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DNR to explore halt to timber harvests near slides

OLYMPIA — The agency that manages state forest lands will ask whether it's legal to declare a moratorium on timber harvests near landslide areas.

The Forest Practices Board, which sets rules for harvesting timber, will also review those rules “with a particular eye to public safety” around slides and the areas where water is absorbed into the ground and recharges the aquifer below. . . 

To read the rest of this item, or to comment, click here to continue inside the blog.

Today’s fun video: Sasquatches need park passes?

 

OLYMPIA — The state Department of Natural Resources apparently thinks Sasquatches, like everyone else, need a Discover Pass if they want to spend any time in state parks or state lands.

The DNR is kicking out a whole line of public service announcements trying to boost sales of the passes, which so far have been underperforming revenue estimates. The spots feature a Sasquatch family. Possibly the worst-acting Sasquatch family in the history of movies, television or Internet videos. The other folks in the videos aren't likely to be starring in a Hollywood blockbuster any time soon, either.

From the videos we learn that Sasquatches take hula-hoops when they go camping, cram lots of junk into their car, like to ride dirt bikes and have questionable fashion sense. But they buy a Discover Pass, even if means going back to town after they get to the park and realize they forgot to get one before they home.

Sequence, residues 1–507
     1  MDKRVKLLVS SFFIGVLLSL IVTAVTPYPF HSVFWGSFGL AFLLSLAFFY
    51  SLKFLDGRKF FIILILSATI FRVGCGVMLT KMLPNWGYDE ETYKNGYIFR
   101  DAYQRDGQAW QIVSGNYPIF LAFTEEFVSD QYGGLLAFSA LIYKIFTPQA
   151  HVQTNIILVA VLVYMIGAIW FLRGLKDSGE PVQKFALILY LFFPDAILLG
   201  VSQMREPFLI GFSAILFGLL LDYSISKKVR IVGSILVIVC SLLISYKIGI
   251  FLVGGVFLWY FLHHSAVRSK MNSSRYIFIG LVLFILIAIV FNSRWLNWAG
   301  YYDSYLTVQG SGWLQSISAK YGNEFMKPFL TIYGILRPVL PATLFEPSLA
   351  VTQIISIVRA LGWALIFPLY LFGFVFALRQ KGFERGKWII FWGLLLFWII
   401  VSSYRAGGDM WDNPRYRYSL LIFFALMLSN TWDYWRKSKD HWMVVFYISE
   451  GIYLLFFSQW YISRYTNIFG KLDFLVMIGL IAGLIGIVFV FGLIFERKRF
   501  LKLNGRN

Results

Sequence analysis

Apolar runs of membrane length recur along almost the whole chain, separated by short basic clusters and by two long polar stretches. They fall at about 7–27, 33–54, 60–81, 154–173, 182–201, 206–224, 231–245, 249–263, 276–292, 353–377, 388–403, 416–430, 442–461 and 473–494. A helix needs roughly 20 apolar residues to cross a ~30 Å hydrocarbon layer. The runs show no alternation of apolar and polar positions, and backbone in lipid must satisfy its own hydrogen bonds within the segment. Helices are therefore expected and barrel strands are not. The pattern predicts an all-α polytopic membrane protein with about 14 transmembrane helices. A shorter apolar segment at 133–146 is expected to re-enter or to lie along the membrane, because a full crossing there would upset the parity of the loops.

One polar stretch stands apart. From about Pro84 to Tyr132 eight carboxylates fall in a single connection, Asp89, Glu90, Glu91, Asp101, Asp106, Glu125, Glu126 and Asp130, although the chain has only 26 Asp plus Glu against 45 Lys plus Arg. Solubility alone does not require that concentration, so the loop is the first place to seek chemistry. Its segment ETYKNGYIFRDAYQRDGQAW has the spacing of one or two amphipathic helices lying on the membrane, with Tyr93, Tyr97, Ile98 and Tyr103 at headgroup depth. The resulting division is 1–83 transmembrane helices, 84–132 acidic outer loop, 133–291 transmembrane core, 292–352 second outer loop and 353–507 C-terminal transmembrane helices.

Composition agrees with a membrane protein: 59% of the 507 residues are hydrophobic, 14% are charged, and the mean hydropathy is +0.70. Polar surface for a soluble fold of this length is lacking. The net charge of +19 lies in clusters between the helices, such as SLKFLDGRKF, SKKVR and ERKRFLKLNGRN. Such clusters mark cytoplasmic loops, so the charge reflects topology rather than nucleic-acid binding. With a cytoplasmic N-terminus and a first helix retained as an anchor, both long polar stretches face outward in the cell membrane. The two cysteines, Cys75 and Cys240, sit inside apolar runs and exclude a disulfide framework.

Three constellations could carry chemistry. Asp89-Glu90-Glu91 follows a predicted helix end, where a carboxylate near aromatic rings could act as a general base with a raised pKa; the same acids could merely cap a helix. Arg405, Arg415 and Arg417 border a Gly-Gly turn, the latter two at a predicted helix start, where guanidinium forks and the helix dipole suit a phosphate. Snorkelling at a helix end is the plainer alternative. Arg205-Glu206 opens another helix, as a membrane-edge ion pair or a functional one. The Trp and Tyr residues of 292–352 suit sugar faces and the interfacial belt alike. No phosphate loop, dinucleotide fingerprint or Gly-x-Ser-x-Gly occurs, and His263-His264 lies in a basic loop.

The real question: Where did the Sasquatch get the $35 to buy the Discover Pass?

Preparing for fire season

Inslee deploys a fire shelter.

OLYMPIA — Jay Inslee completed one of the annual spring rituals for a Washington governor this morning: passing the test for minimum wildfire training in the advance of the state's fire season.

To do this, one must walk a mile in no more than 16 minutes. He managed it in just over 13, strolling with Public Lands Commissioner Peter Goldmark staff and assorted media, on a course laid out by the Department of Natural Resources at Capitol Lake. Possibly most impressive, he did it in his dress shoes.

One must also demonstrate the ability to unpack and crawl into a fire shelter in 26 seconds. He had a few seconds to spare.

“I'm trying to get a budget through the Washington Legislature. Geting into a fire shelter is nothing,” he told reporters afterwards.

This doesn't qualify one to fight wildfires in the forests or ranges. That's a much tougher test. This is the minimum for going up to the fire line.

Summers are getting warmer, drier and longer with each passing decade, and tree kills by beetles more frequent, Inslee said, which means fire seasons in most years are getting more longer and more intense.

One might assume that if the governor showed up at a wildfire, they'd let him go to the fireline if he wanted, but governors usually take the test to show support for the DNR.

Verner lands new job

Former Spokane Mayor Mary Verner has landed a new job at the Department of Natural Resources.

She will start next month as the deputy supervisor of resource protection and administration, said department spokesman Matthew Randazzo. That is the lead position over the resource protection division, he said.

Soon after leaving office at the end of 2011, Verner was named the CEO of Spokane Tribal Enterprises.

DNR map shows fire risks

If you're headed out for a camping trip in Washington this weekend, and wondering about the fire danger levels in the place where you'll be pitching a tent, the state Department of Natural Resources can tell you with the click of a mouse button.